Money & Banking

Cap on collateral-free education loans may be raised

K Ram Kumar Mumbai | Updated on January 24, 2018

Support for students: The model education loan scheme was developed by the Indian Banks' Association to help meritorious students pursue higher education.

Proposal to hike limit from ₹4 lakh to around ₹ 7 lakh under consideration

With rising cost of higher education causing anxiety to both parents and their wards, the Finance Ministry and banks are jointly weighing the possibility of raising the limit of collateral-free education loans.

A proposal to hike the limit of collateral- (or security) free education loan from ₹4 lakh to around ₹ 7 lakh under the Indian Banks’ Association’s model education loan scheme for pursuing higher education is under consideration.

Guarantee fund

Bankers clued in to the deliberations on revamping the model education loan scheme say they will agree to the proposal only if the Government operationalises the Credit Guarantee Fund Scheme for Education Loans to cover possible defaults.

The Fund was announced in the Budget for 2012-13 to encourage banks to lend to deserving students. However, it has not yet seen the light of day.

A senior public sector bank official said the Credit Guarantee Fund cover is necessary as within the education loans segment banks have experienced maximum defaults in the collateral-free education loan segment.

According to an Asian Development Bank report ‘Counting the cost: Financing Asian Higher Education for Inclusive Growth’, “…more than 50 per cent of the higher education in India is probably imparted through private institutions, mostly unaided.”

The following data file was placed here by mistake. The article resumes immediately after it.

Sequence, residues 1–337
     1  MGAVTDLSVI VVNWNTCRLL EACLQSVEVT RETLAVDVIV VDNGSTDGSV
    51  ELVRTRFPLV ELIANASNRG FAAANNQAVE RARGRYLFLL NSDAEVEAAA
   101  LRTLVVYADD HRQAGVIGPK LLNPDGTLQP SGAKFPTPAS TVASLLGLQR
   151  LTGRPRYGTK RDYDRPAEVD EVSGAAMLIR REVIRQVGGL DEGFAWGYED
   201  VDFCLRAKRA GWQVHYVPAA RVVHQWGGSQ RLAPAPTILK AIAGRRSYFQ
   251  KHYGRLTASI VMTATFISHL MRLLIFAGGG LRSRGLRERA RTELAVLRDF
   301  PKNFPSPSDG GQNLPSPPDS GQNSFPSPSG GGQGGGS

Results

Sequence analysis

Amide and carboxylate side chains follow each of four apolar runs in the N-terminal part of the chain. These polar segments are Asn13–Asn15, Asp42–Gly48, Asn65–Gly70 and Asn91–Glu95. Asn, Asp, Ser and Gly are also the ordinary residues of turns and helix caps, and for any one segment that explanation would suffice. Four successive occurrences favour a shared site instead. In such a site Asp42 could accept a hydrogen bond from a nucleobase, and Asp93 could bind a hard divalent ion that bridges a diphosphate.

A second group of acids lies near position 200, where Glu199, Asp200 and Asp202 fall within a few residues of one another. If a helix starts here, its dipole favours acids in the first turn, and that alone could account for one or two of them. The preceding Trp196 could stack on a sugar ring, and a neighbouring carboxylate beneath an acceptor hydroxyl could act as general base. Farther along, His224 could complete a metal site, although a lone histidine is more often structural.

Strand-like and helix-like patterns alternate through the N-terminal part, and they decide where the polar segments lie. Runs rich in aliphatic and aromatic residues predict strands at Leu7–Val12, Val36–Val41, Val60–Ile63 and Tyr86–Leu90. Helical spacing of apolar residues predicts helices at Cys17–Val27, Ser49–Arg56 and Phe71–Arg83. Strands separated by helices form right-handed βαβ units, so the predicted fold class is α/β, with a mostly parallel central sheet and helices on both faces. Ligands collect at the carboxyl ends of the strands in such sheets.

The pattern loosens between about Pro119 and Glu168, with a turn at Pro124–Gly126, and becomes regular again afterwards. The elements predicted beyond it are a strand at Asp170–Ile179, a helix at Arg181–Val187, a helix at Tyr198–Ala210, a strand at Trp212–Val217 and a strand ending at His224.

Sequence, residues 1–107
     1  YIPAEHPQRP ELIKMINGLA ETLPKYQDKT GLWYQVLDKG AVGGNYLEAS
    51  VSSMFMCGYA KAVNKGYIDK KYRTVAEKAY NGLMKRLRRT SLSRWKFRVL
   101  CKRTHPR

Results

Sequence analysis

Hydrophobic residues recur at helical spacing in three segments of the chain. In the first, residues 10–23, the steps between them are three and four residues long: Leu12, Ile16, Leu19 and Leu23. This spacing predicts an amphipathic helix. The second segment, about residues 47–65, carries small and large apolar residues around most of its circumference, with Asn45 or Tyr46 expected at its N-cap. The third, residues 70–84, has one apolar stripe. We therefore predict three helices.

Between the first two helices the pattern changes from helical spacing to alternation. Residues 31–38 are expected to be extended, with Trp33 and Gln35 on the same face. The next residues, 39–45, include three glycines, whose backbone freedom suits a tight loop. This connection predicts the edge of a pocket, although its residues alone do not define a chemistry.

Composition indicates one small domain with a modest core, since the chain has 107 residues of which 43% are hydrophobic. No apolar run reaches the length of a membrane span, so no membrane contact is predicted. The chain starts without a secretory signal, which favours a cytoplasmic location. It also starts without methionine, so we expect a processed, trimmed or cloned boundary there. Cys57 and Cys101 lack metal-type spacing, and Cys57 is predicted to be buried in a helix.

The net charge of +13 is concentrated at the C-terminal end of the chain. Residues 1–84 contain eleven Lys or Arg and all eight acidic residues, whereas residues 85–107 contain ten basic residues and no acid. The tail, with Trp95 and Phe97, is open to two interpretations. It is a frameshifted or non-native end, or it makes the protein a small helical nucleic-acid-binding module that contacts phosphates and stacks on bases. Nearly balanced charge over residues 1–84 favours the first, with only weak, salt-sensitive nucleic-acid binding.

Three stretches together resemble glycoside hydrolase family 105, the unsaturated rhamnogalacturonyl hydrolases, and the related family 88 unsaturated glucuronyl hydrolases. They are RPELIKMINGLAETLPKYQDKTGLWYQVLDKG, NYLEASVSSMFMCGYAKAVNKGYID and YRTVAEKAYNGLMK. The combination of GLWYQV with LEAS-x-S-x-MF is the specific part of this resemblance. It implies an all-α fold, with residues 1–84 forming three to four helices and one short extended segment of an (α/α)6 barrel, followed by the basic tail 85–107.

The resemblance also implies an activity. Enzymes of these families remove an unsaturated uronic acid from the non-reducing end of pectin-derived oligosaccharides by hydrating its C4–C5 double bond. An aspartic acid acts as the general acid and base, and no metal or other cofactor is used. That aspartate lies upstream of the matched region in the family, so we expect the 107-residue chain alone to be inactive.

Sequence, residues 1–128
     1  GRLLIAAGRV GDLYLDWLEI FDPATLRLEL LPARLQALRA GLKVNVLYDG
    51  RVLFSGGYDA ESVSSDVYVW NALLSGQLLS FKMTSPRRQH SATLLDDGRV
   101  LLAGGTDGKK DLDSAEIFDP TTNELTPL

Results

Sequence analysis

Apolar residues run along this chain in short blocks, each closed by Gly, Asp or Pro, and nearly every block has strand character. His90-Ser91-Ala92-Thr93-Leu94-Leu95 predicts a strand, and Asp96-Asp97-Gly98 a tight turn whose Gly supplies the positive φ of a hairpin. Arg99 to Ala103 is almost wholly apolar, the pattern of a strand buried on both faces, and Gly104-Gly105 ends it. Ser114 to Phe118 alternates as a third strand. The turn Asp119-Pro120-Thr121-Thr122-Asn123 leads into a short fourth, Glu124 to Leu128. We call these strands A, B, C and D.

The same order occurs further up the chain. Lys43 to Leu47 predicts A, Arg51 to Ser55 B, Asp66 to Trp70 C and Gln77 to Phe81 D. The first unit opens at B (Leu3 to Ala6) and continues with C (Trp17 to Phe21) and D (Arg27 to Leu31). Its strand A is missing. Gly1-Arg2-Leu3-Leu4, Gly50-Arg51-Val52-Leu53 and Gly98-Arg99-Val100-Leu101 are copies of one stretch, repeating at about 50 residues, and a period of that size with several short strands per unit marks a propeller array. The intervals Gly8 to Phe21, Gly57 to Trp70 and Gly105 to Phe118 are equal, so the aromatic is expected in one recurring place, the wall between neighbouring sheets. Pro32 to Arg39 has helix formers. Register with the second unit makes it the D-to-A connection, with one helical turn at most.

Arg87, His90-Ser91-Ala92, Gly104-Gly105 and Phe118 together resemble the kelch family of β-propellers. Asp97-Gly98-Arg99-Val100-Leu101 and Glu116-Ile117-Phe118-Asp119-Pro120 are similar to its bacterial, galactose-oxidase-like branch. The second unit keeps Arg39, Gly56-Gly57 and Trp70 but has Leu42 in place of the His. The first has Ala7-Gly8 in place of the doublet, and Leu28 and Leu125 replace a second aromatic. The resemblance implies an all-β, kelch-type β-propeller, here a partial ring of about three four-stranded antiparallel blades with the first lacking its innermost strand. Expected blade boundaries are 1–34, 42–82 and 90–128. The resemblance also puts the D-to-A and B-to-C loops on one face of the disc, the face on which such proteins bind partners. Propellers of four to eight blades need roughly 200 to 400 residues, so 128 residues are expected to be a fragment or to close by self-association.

“…Many private higher education institutions charge high fees, which in effect exclude the poor, however bright or able.”

The report observed that in India, the so-called self-financing courses have mushroomed in public universities and colleges, where fees for high-demand courses (undergraduate engineering, medicine, teacher education, graduate management, and computing) at times match those of private higher education institutions.

The banker quoted above said as part of the exercise to overhaul the model education loan scheme, banks are seeking tighter norms for accreditation of education institutions and better monitoring of teducation loans.

In the first six months of the current financial year, public sector banks collectively disbursed education loans aggregating ₹3,707 crore. As at September-end 2014, these banks, numbering 27, collectively had an outstanding education loan portfolio of ₹61,963 crore.

Model loan scheme

The model education loan scheme was developed by IBA in 2001 to help meritorious students pursue higher education in technical and professional courses. The main emphasis of the scheme is that no deserving student is denied an opportunity to pursue higher education for want of financial support.

As the focus is on development of human capital, repayment of the loan is expected to come from future earnings of the student after completion of education.

Hence, assessment of the loan is based on employability and earning potential of the student upon completion of the course and not the parental income/family wealth.

When the scheme was last revised in 2012, the Association underscored that the cost of education has been going up in recent times and since the student has to bear most of the cost, there is a clear case for institutional funding in this area.

Published on January 28, 2015

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